Jamal Khashoggi’s Disappearance


Julia Virnelli, Staff Writer

Jamal Khashoggi, a prominent journalist and critic of Saudi rule, planned on going to the Saudi consulate in Istanbul to pick up a document on Tuesday. Despite the warnings from many of his friends and family of the danger this trek may hold, he insisted on going. On Tuesday afternoon, Khashoggi entered the consulate and has not been seen since.

Turkish investigators believe that 15 Saudi agents killed him inside the consulate. “He was killed and his body dismembered,” head of the Turkish Arab Media Association, Turan Kislakci, says. However, Saudi Arabia denies it, saying that Khashoggi left right after he entered.

On Monday, Donald Trump said that the king of Saudi Arabia denied knowing anything about Khashoggi, but decided to send his Secretary of State, Mike Pompeo, to meet with the Saudi leader. Pompeo was sent immediately after President Trump had a phone call with the Saudi King, who denied any knowledge or responsibility of this event.

Two weeks later, Saudi Arabia finally admitted that Jamal Khashoggi was dead. Since this investigation is still ongoing, the information we know is still very limited. However, we do know that Khashoggi was killed after an argument and fist fight with unidentified Saudi men. As a result, 18 men were arrested and are under investigation. Maj. Gen. Ahmed al Assiri, the deputy director of Saudi intelligence, was let go, along with many other high-ranking Saudi officials.

President Donald Trump said on Thursday that he now believes that Khashoggi is officially dead, and conveyed a feeling of trust in reports from multiple sources saying that the involvement of Saudi Arabia in Khashoggi’s death was high. “ Unless the miracle of all miracles happens, I would acknowledge that he is dead. That’s based on everything- intelligence coming from every side,” says President Donald Trump. When asked about the consequences Saudi Arabia would face as a result of this event, he responded, “Well, it’ll have to be very, very severe. I mean, it’s bad, bad stuff.”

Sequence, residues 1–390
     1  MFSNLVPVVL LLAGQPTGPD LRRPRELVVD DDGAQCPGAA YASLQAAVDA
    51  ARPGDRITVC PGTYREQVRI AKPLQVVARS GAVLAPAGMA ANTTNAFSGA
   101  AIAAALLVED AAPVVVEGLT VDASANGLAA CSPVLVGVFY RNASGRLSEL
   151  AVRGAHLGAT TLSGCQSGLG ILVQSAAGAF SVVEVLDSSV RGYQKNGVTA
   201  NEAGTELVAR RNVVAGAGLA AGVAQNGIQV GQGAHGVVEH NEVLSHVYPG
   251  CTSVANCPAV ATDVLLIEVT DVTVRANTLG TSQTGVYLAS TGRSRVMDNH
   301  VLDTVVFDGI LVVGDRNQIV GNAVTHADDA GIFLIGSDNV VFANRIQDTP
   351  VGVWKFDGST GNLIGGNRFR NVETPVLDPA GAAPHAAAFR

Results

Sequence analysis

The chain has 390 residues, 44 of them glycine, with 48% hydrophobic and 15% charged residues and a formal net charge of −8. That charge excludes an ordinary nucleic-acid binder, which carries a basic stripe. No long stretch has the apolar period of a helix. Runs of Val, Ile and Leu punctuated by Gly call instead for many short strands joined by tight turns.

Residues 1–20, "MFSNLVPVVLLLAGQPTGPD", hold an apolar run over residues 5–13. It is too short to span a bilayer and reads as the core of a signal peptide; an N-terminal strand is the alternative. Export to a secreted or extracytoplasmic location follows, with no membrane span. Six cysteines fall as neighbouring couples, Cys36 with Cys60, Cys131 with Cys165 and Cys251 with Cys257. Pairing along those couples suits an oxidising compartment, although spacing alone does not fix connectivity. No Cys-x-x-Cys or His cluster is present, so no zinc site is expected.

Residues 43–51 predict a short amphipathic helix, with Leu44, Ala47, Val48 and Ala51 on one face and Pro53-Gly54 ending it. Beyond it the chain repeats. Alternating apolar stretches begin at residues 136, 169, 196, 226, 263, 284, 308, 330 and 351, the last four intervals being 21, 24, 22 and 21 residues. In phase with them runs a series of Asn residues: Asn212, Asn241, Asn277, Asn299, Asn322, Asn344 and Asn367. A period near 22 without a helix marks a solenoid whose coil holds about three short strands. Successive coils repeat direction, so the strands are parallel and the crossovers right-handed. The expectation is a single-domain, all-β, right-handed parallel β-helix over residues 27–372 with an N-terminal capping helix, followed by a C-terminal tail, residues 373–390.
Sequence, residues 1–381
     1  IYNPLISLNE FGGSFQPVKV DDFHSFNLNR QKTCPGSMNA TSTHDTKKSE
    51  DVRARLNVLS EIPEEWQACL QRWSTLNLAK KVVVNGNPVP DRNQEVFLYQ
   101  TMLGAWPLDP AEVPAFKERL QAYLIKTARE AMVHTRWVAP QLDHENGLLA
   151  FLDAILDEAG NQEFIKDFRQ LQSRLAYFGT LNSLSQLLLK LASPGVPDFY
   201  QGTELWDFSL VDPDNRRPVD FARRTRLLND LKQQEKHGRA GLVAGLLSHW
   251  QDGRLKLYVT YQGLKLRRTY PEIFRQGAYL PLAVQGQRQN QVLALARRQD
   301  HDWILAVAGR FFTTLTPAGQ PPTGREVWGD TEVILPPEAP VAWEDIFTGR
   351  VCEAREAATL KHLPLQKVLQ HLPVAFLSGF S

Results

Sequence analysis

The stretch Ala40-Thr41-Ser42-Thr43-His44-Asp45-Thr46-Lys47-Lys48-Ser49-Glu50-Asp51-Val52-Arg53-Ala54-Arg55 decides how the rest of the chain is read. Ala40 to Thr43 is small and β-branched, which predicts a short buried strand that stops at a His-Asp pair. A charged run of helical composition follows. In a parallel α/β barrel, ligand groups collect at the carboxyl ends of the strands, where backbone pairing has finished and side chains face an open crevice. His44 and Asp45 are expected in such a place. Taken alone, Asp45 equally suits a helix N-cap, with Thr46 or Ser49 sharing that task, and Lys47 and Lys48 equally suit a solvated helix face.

Much of the evidence that suggests Saudi Arabia was involved comes from Turkish authorities and pro-government news outlets. A Turkish news outlet released photos of a close associate of Saudi Crown Prince, Mohammad Bin Salman entering the consulate the day of Khashoggi’s disappearance. Along with this, a senior Turkish official described an audio recording of how Khashoggi was killed and details of how he was beheaded and dismembered.

Saudi Arabia’s Foreign Minister publicly apologized to Khashoggi’s family, saying that the death was a “tremendous mistake,” and out of their authority and responsibility. After the release of this apology, and in an attempt to increase the pressure on Saudi Arabia, Turkey’s president Recep Tayyip Erdogan said they would reveal everything they know about Jamal Khashoggi’s death. Many of their officials suggest that Khashoggi’s death was deliberate, and ordered at the highest levels of the kingdom. The president of Turkey says he has much more to say on this matter but has not released any of this information as of now.

As this article goes to print, there is still a lot more to observe and learn, such as the Turkish investigation results, America’s response, and how Saudi Arabia will overall deal with this pressing issue. No matter what the outcome may be, Saudi Arabia must shed more light on this topic. As one columnist, Mahmut Over wrote, the Crown Prince “has no chance to emerge clean from this.”